Discussion▴Top 

As with the anesthetic care of all patients, the focus of effective perioperative care of patients with RTS begins with the preoperative examination and the identification of end-organ involvement by the primary disease process. Of primary concern to anesthesia providers are problems with airway management which have been previously noted in several anecdotal case reports from the literature [6-8]. Difficulties with direct laryngoscopy and endotracheal intubation are primarily related to specific craniofacial anatomical features including high-arched palate, hypoplasia of the mandible (micrognathia), and limited mouth opening. Although we were able to successfully accomplish endotracheal intubation using direct laryngoscopy without significant difficulties, the ability to accomplish adequate bag-valve-mask ventilation should be demonstrated prior to the use of neuromuscular blocking agents. Additionally, the appropriate equipment for dealing with the difficult airway should be readily available including indirect laryngoscopy tools [9, 10]. Anecdotal success has been reported with the use of a laryngeal mask airway for elective airway management or as a conduit for endotracheal intubation following failed routine airway management [6, 11]. The risk-benefit of such a practice must be weighed given high incidence of gastroesophageal reflux in RTS patients. In our patient, inhalational induction with sevoflurane was performed as the most humane way to achieve intravenous access followed by endotracheal intubation with a cuffed endotracheal tube.

Perioperative respiratory and ventilation issues may be further complicated by congenital tracheal stenosis, abnormal pulmonary lobulation, excessive mucous secretion, and gastroesophageal reflux [7, 12, 13]. The potential co-morbid condition of the respiratory system is illustrated by the fact that respiratory infections and congenital heart disease are the leading causes of death during the first year of life. Copious secretions have been noted by other authors which may make inhalation induction problematic or complicate the immediate postoperative period [6]. The perioperative respiratory problems may be further magnified in patients with preoperative symptoms of sleep-disordered breathing as were noted in our patient [14, 15]. Whenever feasible, short-acting anesthetic agents are preferable to limit their effect on postoperative respiratory function. The use of regional has been suggested as a means of limiting perioperative opioid needs thereby limiting their effects on respiratory function [16]. Considering the potential co-morbid involvement of the airway and respiratory system, postoperative monitoring is suggested with continuous pulse oximetry or in an ICU setting for more complex surgical procedures.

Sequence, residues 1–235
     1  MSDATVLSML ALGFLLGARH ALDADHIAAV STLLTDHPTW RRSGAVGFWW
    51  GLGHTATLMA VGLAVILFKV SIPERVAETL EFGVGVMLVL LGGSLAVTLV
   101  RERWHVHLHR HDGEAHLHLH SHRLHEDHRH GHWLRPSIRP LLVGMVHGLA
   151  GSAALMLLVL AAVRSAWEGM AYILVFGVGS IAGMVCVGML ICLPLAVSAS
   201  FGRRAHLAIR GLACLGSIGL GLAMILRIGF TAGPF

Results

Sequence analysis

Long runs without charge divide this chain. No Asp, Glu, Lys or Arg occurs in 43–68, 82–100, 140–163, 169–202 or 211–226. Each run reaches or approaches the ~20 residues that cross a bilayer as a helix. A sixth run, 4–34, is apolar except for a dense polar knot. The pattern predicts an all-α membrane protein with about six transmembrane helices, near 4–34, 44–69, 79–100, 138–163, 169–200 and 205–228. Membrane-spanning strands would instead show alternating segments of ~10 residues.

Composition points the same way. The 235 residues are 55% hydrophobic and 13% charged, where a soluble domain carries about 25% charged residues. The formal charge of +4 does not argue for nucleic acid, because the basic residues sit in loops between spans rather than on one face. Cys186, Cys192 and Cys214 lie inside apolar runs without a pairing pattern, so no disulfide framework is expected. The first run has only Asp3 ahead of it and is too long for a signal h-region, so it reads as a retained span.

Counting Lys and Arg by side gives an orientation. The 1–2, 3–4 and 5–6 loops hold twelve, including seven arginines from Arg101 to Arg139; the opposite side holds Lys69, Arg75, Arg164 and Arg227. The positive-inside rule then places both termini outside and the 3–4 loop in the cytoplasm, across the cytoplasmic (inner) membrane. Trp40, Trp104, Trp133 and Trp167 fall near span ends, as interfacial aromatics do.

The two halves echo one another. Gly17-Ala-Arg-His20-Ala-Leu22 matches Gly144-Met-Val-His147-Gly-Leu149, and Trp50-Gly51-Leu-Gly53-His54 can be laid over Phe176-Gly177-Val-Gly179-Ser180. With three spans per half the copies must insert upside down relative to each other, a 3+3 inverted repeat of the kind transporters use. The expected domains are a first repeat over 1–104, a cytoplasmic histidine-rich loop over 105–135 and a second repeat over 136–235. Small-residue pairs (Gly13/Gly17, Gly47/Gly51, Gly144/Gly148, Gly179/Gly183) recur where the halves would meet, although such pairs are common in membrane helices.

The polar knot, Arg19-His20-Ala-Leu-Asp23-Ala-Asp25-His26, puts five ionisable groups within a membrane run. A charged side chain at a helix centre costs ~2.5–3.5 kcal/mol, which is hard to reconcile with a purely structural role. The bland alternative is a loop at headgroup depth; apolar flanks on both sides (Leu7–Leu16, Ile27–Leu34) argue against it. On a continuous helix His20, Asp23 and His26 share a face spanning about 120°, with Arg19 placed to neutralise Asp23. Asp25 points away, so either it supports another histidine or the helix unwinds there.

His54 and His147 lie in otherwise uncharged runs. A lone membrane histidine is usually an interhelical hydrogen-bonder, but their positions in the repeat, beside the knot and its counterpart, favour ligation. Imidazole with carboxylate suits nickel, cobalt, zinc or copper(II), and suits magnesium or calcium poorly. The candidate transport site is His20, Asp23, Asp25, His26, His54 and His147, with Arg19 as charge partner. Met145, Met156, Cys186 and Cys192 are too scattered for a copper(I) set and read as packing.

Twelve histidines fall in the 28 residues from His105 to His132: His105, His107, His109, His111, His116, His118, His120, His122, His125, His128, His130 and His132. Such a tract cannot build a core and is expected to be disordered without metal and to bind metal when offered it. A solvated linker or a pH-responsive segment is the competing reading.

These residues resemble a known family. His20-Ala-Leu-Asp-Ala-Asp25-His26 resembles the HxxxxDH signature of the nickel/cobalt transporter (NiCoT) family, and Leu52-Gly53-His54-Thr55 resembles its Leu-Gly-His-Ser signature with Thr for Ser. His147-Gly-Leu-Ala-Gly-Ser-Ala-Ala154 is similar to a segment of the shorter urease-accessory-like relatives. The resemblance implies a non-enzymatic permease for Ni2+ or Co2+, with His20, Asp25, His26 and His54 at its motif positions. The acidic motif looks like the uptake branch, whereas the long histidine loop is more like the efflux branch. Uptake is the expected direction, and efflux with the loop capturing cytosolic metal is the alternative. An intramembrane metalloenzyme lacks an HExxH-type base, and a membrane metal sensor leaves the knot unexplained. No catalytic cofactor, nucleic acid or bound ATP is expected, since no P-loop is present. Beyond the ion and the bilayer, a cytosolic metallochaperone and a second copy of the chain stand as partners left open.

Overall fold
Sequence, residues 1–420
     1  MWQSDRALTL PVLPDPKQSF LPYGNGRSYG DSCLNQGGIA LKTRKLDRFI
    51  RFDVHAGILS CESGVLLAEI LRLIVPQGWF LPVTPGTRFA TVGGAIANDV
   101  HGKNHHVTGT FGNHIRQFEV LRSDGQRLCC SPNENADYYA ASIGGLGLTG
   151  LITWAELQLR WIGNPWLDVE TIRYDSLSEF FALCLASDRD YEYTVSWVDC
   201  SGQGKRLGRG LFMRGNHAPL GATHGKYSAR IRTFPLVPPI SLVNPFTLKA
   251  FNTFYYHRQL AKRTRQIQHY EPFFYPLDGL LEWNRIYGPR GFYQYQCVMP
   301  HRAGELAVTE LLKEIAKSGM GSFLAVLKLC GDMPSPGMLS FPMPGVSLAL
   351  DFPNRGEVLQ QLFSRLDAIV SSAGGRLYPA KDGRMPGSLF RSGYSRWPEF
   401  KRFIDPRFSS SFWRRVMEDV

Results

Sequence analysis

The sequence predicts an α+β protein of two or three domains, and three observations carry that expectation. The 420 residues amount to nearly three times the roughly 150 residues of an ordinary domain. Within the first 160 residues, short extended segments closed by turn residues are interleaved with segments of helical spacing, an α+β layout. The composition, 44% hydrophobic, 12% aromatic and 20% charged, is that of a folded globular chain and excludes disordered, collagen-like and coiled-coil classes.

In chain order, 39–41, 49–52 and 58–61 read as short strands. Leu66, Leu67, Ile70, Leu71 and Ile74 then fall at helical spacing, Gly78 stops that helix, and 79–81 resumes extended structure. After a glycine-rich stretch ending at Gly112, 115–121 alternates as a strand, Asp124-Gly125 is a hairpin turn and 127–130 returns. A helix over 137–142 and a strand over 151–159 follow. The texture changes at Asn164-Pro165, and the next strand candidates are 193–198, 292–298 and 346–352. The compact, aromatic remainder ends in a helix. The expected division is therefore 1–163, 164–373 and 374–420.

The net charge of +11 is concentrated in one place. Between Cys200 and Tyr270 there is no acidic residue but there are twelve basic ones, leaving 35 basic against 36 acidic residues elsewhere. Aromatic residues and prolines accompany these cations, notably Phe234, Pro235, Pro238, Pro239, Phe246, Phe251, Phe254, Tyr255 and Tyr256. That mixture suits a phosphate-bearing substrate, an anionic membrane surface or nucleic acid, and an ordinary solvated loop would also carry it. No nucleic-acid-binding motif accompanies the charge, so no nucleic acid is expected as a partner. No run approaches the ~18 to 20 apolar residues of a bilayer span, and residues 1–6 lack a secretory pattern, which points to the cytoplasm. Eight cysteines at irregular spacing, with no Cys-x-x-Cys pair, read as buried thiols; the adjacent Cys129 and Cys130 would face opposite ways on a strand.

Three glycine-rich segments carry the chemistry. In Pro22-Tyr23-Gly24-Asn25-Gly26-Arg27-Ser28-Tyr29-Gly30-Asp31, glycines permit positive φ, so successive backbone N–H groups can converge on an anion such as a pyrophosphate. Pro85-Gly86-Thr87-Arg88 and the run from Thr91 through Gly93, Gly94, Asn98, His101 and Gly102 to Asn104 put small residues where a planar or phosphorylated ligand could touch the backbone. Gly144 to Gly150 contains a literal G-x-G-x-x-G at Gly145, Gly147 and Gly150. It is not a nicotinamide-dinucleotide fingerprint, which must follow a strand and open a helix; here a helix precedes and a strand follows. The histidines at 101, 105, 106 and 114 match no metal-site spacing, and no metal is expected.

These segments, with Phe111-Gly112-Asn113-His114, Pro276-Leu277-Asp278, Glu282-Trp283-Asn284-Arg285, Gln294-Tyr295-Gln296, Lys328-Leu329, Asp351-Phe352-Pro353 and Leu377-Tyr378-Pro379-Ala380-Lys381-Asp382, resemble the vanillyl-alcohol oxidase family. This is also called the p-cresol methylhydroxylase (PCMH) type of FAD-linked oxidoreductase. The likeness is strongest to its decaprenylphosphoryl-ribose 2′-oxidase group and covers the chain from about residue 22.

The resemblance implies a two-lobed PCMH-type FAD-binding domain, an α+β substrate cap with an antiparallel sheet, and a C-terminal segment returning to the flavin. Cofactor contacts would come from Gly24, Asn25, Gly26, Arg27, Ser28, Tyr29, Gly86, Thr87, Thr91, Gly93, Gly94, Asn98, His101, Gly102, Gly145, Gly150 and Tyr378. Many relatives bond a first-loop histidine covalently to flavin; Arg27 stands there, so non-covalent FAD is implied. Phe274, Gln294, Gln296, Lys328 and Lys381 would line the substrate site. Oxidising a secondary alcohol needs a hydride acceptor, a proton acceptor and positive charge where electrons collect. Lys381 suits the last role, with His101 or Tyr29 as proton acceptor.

Associated congenital heart disease occurs in up to 25-30% of patients with RTS [17, 18]. Reported defects have included atrial septal defect, ventricular septal defect, patent ductus arteriosus, coarctation of the aorta, pulmonic stenosis, bicuspid aortic valve, pseudotruncus, aortic stenosis, vascular rings, and hypoplastic left heart syndrome. In addition to structural cardiac defects, conduction disturbances have been occasionally reported, many in association with the administration of perioperative medications including succinylcholine or atropine and neostigmine for reversal of neuromuscular blockade [19, 20]. Stirt reported short runs of supraventricular tachycardia and multifocal premature ventricular and atrial contractions for 5 min following the administration of succinylcholine [20]. No hemodynamic changes were noted, no treatment was required, and the case proceeded uneventful. Similar problems were noted in the same patient during a prior anesthetic with the administration of atropine and neostigmine. Given the potential for such involvement, preoperative echocardiography and electrocardiography should be obtained based on the clinical examination and history.

Although anecdotal, the use of succinylcholine should generally be avoided. When neuromuscular is required, non-depolarizing agents are suggested. Given the potential pro-arrhythmogenic effects of medications with vagolytic effects, there may be a theoretical advantage to the use of cis-atracurium over rocuronium for non-emergent airway management [21]. Alternatively, endotracheal intubation can be accomplished without neuromuscular blockade as noted in our patient with the combination of sevoflurane and propofol. For intravenous induction, others have reported acceptable conditions for endotracheal intubation using a combination of propofol and remifentanil [22, 23].

In summary, we present concerns regarding the anesthetic management of a patient with RTS. Of primary concern are anecdotal reports regarding anatomical features of the syndrome which may make direct laryngoscopy and endotracheal intubation problematic. Associated respiratory disabilities may lead not only to intraoperative, but also postoperative respiratory insufficiency. Potential co-morbid involvement of the cardiac system includes congenital heart disease and the potential for conduction disturbances.